Finally, a Good Starting Point for Why Software is Hard

After a hectic month or so, I’m finally getting around to reading.

I’ve been meaning to share this thoughtful piece from Scott Porad, CTO of Cheezburger (squee!), that does an excellent job encapsulating some reasons why software is so difficult.

His main points, or rather, those made by his friend are:

1. Software is entirely hand-made, and compounding this, software is distributed at very large scale. Looking back through history, machine-made goods have always replaced hand-made goods to account for large scale distribution. Software isn’t there, yet.

2. Software production lacks standards. Think about software projects, and you’ll find a variety of methods, e.g. waterfall, agile. However, even within an established method for running a software project, there is variance from team to team, even within the same company.

3. Everyone has an opinion on how long a project should take, an anomaly for producing goods that require high levels of experience and skill from the people doing the work. Project estimation is hard.

Scott’s second point about standards is similar to one that nags me, titles. Software uses titles like engineer and architect, but these jobs don’t require the same levels of certification and training that their namesakes do.

So, while it makes sense to use titles that mirror physical construction, this isn’t really a fair comparison.

I’ve noodled the reasons behind why software is both difficult and misunderstood for years, and this is the best encapsulation I’ve read to date. Even so, I’d add a few other points.

4. Everyone uses software, at home, at work, on the go, and software usually requires substantial learning investment. This tends to make everyone feel like an expert, and it tends to trivialize the effort required to produce this or that small tweak.

This is a scaling problem for  producers of software, e.g. every time Facebook makes a chance, revolt ensues. It’s exceptionally difficult to make changes to software because of the investment in relearning. Plus, software is highly emotional to the end user, making the effect of changes impossible to estimate.

5. Software relies on hardware, which is an older, more mature production model. Therefore, hardware tends to advance more quickly than software can keep up, and replacements cannot be assumed. So, when software is produced, it must account for old hardware and new hardware, which compounds the all other problems.

I’m sure there are other points too. This is a good starting point, and I’m interested to know your thoughts, given that most of you are close to the problem.

Find the comments.




  1. Totally agree on the titles. And terminology too. Especially critical that we (software publishers) do not set up software development or user experience for that matter (which software development brings artfully to life) as some kind of specially acquired artistry or Ninja-like skill that only the enlightened few can really fully understand or do to the fullest extent. Providing common sense guidance, resources, components and tools to everyday developers using open source technology (Java, etc) is the way to go for increasing our presence in the market through partners and customers developing and extending apps.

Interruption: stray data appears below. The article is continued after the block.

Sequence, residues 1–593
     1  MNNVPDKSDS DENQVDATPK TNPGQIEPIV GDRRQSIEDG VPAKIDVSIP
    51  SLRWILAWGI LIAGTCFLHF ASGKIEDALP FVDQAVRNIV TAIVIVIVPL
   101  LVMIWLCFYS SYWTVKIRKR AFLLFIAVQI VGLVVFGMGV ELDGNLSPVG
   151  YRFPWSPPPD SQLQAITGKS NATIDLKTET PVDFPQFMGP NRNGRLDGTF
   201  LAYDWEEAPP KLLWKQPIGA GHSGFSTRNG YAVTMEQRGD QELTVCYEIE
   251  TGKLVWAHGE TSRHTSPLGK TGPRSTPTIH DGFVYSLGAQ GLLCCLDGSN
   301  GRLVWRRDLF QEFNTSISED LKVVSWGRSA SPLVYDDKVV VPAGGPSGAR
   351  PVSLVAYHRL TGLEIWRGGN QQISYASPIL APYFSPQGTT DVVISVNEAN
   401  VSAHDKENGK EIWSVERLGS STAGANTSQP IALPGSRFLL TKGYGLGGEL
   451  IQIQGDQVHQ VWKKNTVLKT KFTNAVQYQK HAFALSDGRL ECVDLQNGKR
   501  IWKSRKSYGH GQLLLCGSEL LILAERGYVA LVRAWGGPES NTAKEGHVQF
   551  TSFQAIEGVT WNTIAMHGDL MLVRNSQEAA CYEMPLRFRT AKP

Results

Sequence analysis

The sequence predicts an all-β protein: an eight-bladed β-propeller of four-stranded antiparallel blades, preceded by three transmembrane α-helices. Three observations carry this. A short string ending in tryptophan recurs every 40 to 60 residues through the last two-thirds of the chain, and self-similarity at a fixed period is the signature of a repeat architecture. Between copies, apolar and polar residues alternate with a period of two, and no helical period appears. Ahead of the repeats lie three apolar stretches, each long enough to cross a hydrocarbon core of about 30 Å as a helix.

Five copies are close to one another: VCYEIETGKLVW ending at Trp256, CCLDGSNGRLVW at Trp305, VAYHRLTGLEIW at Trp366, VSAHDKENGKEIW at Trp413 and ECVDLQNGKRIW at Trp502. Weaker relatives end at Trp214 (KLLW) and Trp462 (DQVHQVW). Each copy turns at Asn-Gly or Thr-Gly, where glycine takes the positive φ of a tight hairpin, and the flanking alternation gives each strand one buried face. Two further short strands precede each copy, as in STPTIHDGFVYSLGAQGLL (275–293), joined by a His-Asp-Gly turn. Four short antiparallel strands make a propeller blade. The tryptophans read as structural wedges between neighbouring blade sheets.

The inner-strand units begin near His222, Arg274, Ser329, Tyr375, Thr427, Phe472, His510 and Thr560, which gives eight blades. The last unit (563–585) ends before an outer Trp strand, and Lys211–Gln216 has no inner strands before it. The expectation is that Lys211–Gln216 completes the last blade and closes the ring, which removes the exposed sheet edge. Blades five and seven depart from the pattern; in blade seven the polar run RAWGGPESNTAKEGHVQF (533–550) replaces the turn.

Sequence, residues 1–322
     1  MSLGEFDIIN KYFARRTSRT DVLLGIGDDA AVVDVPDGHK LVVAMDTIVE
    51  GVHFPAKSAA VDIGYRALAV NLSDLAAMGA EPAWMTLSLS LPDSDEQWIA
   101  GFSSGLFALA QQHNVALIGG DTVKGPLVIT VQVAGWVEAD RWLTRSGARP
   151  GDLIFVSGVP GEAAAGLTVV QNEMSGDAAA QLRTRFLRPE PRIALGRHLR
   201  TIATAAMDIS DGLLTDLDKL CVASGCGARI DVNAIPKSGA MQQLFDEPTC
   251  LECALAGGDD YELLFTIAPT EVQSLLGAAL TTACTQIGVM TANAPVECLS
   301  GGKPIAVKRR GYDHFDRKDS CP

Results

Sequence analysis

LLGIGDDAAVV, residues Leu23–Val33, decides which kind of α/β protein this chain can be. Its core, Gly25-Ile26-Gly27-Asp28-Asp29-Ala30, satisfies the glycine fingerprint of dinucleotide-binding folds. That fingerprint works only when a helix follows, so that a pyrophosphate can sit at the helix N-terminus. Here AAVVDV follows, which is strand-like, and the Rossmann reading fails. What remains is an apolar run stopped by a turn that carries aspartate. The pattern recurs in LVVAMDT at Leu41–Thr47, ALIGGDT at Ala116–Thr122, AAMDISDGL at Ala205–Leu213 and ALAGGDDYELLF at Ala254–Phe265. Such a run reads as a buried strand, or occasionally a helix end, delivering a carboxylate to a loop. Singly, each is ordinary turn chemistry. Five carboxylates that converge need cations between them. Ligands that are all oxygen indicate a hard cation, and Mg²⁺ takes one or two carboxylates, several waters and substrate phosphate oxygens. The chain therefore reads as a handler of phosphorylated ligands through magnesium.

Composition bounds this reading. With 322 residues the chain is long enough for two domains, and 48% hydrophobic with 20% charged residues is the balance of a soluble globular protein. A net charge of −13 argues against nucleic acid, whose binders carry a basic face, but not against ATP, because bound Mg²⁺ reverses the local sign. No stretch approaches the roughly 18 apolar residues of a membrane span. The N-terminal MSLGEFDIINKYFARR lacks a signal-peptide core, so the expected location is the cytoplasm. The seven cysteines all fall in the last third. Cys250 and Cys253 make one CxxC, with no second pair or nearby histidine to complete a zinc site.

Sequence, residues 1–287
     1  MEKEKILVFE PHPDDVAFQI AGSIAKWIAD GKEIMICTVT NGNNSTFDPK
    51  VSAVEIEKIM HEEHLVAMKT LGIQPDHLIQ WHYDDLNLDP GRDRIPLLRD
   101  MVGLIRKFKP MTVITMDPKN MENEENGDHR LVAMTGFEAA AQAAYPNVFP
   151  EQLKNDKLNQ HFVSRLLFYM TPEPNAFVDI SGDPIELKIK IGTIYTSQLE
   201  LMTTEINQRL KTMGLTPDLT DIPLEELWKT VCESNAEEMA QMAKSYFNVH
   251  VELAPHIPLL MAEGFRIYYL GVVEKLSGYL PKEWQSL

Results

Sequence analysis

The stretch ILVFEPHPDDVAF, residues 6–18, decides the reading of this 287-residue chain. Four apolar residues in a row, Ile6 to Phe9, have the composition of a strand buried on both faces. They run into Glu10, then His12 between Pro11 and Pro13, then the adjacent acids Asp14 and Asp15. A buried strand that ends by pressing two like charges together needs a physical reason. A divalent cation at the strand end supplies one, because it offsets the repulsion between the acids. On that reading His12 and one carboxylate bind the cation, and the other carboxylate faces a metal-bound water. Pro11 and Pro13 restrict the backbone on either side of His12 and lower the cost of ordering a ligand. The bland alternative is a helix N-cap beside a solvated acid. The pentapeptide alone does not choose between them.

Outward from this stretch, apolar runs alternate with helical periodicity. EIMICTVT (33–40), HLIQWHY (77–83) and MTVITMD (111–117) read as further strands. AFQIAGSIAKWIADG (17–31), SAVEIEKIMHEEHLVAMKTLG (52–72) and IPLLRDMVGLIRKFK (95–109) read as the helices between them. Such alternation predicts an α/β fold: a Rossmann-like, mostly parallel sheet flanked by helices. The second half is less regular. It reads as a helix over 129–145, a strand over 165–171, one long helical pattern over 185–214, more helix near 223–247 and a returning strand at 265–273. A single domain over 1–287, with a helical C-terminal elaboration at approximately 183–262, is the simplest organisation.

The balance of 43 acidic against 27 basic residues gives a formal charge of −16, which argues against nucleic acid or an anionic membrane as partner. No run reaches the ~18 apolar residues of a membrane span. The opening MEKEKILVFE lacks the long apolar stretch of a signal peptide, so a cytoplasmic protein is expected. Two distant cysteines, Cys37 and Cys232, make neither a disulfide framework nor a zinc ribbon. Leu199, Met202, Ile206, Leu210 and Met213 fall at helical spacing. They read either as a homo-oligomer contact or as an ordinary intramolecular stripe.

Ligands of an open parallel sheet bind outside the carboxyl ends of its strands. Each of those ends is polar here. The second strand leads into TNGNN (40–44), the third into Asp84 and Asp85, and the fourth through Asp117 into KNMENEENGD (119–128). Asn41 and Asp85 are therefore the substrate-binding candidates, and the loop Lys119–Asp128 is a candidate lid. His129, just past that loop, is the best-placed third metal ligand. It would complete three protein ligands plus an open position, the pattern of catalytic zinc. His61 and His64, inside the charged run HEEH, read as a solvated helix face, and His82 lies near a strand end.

2. Oldie but goodie… My opinion is that software is hard because it’s more like gene-splicing than anything engineering or construction related:

    There’s also the inherent problem that both good and bad developers have strong incentives to wring overly complex code. Bad developers do it to mask incompetence… Good developers do it because they’re bored with simple code:

  3. The code-as-art movement definitely underlines the point about software being hand-made. As learning to code becomes increasingly popular and more abstraction layers are added to ease the process, I see failure and innovation in the future.

    Fewer developers w a ground-up (starting w machine language) understanding of what it takes to write good and efficient software will lead to a revolution in automation. New developers rely too much on frameworks, and as the old guard retires, something will fill the void.

    Enter the machines.

  4. Great points. You present a good example of why software does not fit the construction paradigm. Buildings are frequently torn down and renovated; part of the change of ownership allows for this.

    Not so w software, especially paid software, bc customers will not allow it. 

    Another reason, building codes allow for upgrades and make them required. This prevents falling in love w an out-dated feature. However, as everyone in software knows, you can’t take away features.

    Automation and standards will eventually begin to change this, as developers move up the stack to more “fun” layers, e.g. the iOS SDK, that abstract the guts and performance pieces and mandate usage.

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